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In this multi-part post I'll take you along my adventure of building a Locomotive Workshops E9 kit.  Interest in building a locomotive kit occurred after I signed up to be a digital subscriber to O Gauge Magazine.  Alan Arnold has given us access to an incredible research tool and I would recommend all forum members sign-up to be an OGR digital subscriber.  I began reading these early OSR magazines cover-to-cover to learn more about our hobby.  Starting at issue #1, I learned about some of the different obstacles facing model railroad hobbyists at the time.   It seems during the late 60’s and early 70’s O scale trains were going through rough time.  The HO train market was getting huge and taking over the hobby.   There wasn’t a lot of O scale manufactures at the time and only a few of them made scale sized locomotives.  50 years ago if somebody in our hobby wanted a "scale sized" diesel locomotive in a specific style or paint scheme, they had to build it.

By the time I hit OSR magazine issue #14, I read an advertisement that stated Locomotive Workshop was going to have an E9 diesel kit available in the near future for $59.50.  The ad's description read:  The E9 kit was sold basically complete except for the mechanism.  Includes basic body and soft metal trucks.  Brass engraved - photo engraved brass - brass photo etched body.  The nose section on this E9 kit was a lost wax brass casting.   

For me, building a locomotive from an unassembled kit was a completely different aspect of our model railroading hobby and I was willing to give it a try.  Looking online I found an unbuilt Locomotive Workshop E9 kit for sale and clicked Buy-Now.  The kit arrived at my house a few days later.  Here's what the parts look like laid out across my table.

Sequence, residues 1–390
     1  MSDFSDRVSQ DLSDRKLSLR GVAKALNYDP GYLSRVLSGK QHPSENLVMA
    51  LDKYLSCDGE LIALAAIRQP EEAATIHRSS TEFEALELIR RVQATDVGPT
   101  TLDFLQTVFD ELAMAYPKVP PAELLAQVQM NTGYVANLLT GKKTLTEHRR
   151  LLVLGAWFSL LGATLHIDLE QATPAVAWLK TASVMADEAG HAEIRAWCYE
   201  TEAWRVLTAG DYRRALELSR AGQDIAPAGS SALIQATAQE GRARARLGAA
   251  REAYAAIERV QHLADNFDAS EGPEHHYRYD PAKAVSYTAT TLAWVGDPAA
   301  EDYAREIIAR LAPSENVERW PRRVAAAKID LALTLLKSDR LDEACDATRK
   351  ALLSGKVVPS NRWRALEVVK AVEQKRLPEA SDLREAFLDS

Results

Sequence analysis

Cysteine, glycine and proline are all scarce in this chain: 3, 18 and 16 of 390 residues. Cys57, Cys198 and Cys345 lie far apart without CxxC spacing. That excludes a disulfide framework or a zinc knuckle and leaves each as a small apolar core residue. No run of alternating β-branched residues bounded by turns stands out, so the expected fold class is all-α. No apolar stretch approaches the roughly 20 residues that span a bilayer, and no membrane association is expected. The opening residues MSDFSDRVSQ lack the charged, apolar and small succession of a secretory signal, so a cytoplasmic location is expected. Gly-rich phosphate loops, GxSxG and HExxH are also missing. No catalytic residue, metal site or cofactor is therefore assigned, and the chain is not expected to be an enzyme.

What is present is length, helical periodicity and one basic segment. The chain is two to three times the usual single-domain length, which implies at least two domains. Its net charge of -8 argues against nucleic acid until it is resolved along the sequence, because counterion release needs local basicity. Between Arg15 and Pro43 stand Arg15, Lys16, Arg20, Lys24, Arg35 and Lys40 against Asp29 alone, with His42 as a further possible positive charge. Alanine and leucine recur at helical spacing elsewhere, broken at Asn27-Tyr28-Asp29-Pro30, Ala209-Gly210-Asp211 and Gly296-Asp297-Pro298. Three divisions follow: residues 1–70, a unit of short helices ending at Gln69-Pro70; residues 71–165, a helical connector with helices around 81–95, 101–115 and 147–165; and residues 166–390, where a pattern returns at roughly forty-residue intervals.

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The literature that came with this kit said it could be built as O – ON3 – Hi Rail.  I'm going to try and build this diesel locomotive for Hi-Rail so it can run on my layout.  An article in the OSR magazine mentioned they made small production runs of only 25 to 30 units at a time and shipped orders from this inventory.   The business location on the box’s original shipping label and all paperwork included inside the box showed Avon Lake, Ohio.  That’s interesting because Locomotive Workshop's mailing address changed in the January 1973 issue #31 of OSR issue to Englishtown New Jersey.  At this point all the clues showed this E9 kit was from their pre-1973 inventory or maybe their first production run in 1971.

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The best I could figure, the original owner paid $59.50 for this kit.  That would calculate to around $399.00 in today’s dollars.  That seems like A LOT of money today for an unbuilt kit.  But times were different back then... and building a kit was the only way they had to get the exact diesel locomotive they wanted.



Click the like button below to follow this build and stay tuned for the next update in this adventure.

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  • Unbuilt Locomotive Workshops E9 kit
  • Choose Hi Rail
Last edited by T.Albers
Original Post

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Personally I have never built a brass kit although the E9s are an interest of mine (specifically the UP engines and I have the latest Legacy version of the 949-951 A-A set).

I have always reckoned that I do not have the soldering skills for construction although I have done a minimal amount of resistance soldering. Plus there is the painting prep and actual painting, although from your previous posts you have all the skills, and more, needed for that!